Center for Reproductive Longevity and Equality

Exploring the critical relationship between reproductive function and aging.

While aging research is seeing unprecedented acceleration, how and why women undergo a decline in reproductive function with age is understudied. Thanks to a significant gift from Nicole Shanahan, the Buck has established the Center for Reproductive Longevity and Equality (CRLE). This is the first facility anywhere in the world focused solely on reproductive longevity and equality as it relates to aging and ending the threat of age-related disease.

Our goal is to conduct basic research to understand the mechanisms of female reproductive aging and develop strategies to prevent or delay ovarian aging. The end of fertility sets off a cascade of negative health effects in women’s bodies that impact bone, cognitive, cardiovascular and immune function. We want to understand why human women undergo a decline in fertility (menopause), why it varies between individuals, and why it correlates with life span. We think that understanding the limits on mammalian female reproductive capacity may provide important clues about aging in other tissues, as many hallmarks of aging are shared between somatic cells and oocytes. We collaborate with research groups around the world and promote open access data sharing.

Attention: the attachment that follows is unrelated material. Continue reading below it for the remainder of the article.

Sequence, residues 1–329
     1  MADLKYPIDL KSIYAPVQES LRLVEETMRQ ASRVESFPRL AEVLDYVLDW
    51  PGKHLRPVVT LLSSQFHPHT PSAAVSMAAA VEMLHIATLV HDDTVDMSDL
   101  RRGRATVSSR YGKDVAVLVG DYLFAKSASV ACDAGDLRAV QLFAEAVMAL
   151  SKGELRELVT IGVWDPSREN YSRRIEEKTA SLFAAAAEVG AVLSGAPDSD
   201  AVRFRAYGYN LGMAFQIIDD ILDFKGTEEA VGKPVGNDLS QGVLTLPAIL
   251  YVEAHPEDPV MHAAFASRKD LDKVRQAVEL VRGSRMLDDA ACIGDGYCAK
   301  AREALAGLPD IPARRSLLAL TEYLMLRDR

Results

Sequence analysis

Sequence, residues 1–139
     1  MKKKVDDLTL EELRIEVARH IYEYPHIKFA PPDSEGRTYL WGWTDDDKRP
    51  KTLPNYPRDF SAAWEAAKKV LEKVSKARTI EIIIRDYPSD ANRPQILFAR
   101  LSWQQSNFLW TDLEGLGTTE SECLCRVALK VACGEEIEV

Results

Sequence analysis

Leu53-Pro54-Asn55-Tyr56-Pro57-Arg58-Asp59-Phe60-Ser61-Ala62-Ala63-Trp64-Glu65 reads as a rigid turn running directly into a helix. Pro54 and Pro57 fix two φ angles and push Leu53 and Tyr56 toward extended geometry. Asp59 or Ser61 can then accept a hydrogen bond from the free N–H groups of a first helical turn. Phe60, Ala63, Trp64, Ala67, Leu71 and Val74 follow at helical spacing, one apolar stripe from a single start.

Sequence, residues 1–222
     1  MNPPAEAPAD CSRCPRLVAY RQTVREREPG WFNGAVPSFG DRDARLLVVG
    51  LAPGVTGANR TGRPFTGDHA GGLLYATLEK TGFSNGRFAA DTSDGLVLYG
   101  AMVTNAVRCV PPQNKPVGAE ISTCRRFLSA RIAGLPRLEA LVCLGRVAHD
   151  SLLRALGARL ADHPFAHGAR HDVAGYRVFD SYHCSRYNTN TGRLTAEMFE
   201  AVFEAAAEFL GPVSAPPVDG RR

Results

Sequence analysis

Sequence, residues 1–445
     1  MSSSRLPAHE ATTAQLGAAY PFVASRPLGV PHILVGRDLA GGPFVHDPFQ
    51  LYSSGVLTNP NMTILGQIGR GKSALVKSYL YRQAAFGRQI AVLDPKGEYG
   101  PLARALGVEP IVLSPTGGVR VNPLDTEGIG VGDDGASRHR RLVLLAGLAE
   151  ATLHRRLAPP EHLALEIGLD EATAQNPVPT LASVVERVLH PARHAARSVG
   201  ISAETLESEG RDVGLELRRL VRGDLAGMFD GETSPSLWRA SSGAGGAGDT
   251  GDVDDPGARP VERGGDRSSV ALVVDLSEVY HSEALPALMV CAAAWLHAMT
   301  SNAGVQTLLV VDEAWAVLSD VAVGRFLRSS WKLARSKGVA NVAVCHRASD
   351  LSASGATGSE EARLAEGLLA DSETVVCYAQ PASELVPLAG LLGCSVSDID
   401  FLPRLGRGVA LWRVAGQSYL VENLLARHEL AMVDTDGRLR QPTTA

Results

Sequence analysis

• Mouse oocytes differentiate through organelle enrichment from sister cyst germ cells

    Lei Lei, PhD
    View article

  • Bipotent stem cells support the cyclical regeneration of endometrial epithelium of the murine uterus

    Shiying Jin, PhD
    View article

  • Ovulation and ovarian wound healing are impaired with advanced reproductive age

    Francesca Duncan, PhD
    View article

Cynthia Curtice
Administrative Coordinator
CCurtice@buckinstitute.org
Phone: 415-209-2001

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